Batobus is one of the best way to see and take pics of the monuments that are close to the Seine. You can buy tickets for 1 day, 2 or 5 days, yearly (60€) or family (1day 2 adults 2 kids 35€) It's a hop on hiop off service, and what's good for me, it has no guide, no bad English translation, just like a regular bus. And no traffic congestion :-) We used it in November, and they have heating, which was necessary ! I recommend it !
This hop on/hop off boat runs up and down the Seine making 8 stops: Eiffel Tower, Musee D'Orsay, St Germain-Des-Pres, Notre Dame, Jardin Des Plantes, Hotel De Ville, Louvre, and Champs Elysees.
You buy a one day, two day, five day, or annual pass but it is soooo slow that I would not plan on using it to get on and off for sightseeing. It's just a nice ride along the Seine.
One day Pass:
€14 for adults
€7 for children under 16
Check website for operating hours and to order advance tickets.
A little cruise on the Seine?
The tours of the Bateaux - Mouches offer a relaxing view on their scenic route along monuments such as the Eiffel Tower, the Notre Dame, the Musée d'Orsay etc.
The tours take about one hour.
A night-time cruise (with or without dining) is even more stunning: the boats are equipped with huge footlights illuminating the riverside monuments with big halogen lights.
Nice for the tourists, but a lot less pleasant for the Parisians living along the route of these boats.
Thats why they call them "Les Bateaux -MOCHES" ;-) Maybe you can find out somewhere what this means...
At first blush one might think that the Bateaux Mouche tour might go in the "tourist trap" catagory but this experience is anything BUT a tourist trap. For a mere 7 euro (children under 4 are free and 4-12 are 4 euro) you can sit on top of the boat and watch the most amazing sites of the City of Light pass by.
We have taken a ride on these boats on every one of our trips to Paris and it still hasn't gotten stale. The trip is different at every time of day and in every season. Catch the tour near sunset to see the roof of the Petit Palace glow. Take a night tour to see the floodlights flash on the Louvre and the beautiful buildings on the Isle de Paris. Once we went on a stormy day and actually got sea sick! Always the view of the Eiffel Tower lit up as you sail past is magnifique!
For information: Bateaux Mouches
Important tip: Don't go on one of the expensive dinner tours. The food is said to be not that good. Instead, bring along a bottle of wine or champagne and sit atop at sunset for a poor man's cruise. You won't be sorry!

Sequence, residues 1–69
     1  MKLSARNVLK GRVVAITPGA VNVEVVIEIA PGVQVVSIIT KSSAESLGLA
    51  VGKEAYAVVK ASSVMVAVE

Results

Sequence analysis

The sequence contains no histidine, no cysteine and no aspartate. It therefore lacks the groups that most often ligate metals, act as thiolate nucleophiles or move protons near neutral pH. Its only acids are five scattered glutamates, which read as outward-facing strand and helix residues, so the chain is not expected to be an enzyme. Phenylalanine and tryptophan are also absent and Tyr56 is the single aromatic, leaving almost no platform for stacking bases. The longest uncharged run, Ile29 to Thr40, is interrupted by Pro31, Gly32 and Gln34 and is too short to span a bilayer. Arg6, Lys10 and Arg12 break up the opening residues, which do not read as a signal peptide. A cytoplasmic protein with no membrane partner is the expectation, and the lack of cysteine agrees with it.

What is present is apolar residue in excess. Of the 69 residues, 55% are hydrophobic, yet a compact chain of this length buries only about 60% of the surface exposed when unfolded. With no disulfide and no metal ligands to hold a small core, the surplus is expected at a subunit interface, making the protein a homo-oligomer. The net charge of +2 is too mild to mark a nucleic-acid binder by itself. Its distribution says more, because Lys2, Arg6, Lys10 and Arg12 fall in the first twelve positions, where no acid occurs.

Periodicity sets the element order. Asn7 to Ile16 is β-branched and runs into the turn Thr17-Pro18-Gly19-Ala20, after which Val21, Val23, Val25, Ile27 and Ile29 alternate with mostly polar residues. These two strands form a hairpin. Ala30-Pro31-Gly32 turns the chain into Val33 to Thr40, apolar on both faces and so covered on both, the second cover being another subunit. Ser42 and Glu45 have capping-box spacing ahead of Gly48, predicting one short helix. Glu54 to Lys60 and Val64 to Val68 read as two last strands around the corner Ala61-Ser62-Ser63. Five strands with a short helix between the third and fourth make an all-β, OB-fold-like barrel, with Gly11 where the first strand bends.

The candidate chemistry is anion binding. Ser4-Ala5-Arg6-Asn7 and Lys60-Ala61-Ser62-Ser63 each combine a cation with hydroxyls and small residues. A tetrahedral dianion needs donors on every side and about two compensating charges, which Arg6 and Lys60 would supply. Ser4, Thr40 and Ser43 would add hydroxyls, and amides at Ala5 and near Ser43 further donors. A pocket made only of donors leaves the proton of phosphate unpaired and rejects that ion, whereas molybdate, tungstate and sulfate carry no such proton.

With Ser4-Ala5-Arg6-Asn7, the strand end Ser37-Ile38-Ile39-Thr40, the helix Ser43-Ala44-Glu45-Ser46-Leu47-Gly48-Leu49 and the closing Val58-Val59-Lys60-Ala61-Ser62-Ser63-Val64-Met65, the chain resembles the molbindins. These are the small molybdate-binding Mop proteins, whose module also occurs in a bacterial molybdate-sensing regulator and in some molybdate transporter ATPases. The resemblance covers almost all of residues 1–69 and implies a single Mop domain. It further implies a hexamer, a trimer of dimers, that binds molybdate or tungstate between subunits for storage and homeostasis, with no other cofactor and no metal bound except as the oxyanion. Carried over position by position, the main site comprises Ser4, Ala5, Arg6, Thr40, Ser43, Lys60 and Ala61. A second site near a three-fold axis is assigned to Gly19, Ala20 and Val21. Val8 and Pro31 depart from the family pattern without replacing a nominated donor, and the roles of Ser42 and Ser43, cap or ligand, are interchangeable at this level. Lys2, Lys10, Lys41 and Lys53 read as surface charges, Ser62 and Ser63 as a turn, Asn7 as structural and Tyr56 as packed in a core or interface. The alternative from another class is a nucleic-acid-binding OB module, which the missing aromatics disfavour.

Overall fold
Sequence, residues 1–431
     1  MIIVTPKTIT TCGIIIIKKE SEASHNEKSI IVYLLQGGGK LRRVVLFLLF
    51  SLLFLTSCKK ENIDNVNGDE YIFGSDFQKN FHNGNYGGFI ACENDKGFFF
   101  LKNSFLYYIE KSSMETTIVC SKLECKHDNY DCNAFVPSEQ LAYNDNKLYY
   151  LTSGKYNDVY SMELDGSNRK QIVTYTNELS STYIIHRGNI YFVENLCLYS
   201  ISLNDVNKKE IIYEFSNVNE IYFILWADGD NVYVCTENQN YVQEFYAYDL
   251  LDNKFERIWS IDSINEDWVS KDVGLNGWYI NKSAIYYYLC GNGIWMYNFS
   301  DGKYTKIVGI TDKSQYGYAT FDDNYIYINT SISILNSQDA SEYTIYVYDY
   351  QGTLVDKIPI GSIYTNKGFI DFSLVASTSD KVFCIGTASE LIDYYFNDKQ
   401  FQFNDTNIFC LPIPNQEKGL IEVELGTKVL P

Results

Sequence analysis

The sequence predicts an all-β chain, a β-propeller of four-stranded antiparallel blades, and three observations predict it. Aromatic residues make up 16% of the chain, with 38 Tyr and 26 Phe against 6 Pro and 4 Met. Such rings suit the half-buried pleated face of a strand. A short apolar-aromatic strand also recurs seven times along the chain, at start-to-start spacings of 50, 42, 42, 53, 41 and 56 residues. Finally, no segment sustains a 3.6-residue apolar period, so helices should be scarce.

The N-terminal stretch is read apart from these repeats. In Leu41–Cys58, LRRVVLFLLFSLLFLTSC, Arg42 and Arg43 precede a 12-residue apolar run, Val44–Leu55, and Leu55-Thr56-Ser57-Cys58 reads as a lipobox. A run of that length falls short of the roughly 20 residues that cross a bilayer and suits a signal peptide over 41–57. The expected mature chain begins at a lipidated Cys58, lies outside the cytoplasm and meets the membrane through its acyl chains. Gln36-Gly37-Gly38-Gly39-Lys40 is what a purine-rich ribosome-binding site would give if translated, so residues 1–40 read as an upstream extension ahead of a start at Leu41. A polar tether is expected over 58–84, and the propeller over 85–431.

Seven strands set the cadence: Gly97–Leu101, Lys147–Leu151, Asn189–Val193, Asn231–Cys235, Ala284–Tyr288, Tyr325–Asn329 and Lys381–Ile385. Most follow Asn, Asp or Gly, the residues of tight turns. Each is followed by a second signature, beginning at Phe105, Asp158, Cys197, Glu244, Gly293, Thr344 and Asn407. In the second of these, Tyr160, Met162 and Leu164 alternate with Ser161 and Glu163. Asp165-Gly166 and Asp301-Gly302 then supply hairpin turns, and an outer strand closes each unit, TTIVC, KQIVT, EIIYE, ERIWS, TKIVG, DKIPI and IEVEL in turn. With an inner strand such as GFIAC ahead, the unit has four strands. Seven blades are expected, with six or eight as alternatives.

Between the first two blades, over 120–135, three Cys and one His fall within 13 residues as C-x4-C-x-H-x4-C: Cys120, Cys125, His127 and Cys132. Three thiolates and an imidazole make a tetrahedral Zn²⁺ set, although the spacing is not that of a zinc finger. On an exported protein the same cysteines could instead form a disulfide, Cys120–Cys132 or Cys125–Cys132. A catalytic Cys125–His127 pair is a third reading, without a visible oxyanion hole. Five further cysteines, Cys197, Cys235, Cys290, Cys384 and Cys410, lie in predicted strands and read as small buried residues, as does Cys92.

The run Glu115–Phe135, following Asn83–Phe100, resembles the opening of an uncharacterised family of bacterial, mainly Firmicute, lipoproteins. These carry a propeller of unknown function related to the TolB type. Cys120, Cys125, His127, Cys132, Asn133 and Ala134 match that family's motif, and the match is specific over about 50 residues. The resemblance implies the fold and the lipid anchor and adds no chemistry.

Final note: There are other operators who have very similar tours. Bateaux Parisiens is one that I've taken and enjoyed.
Seine boat trips are leaving from down at the Effel Tower, Pont Neuf and the Notre Dame.
Prices from € 9.00
Summer: 10AM - 11PM
Winter: 11AM - 9PM
Special dinner cruises from € 85.00; departure time ~6PM (formal clothing!)
Bateaux Parisians has a Bato Bus that will cruise you around to specific places on La Seine that you can get off and then get back on after visiting your place of interest. It cost 10 Euro to ride the whole day, but unfortunately it is not listed on their site. It is a good way to get around though and we probably would have used it more had we knew that they had something like this. We did not know about it until our departure day as our plan that day was to take a Seine cruise. It truly is a wonderful way to enjoy Paris and gives you a chance to relax between attractions!
We didn't do these either but they're fairly popular with tourists. BatoBus is a river shuttle that operates like a HoHo bus but with fewer stops. From Jardin des Plantes area on the east to the Eiffel on the west, there are 8 docking points and you can get on and off as many times a day as the hours the boats run.
This can be a fun way to see Paris from the water but again, a one-day ticket is more than the cost of a metro carnet of 10, and hours are somewhat limited - especially in winter - so choose it for the experience or to assist with certain mobility issues and not as a cost-effective way to sightsee. Unlike the Hoho buses, the boats do not offer narration on the landmarks. If interested in that option, evening, or dinner cruises (no stops) see these services: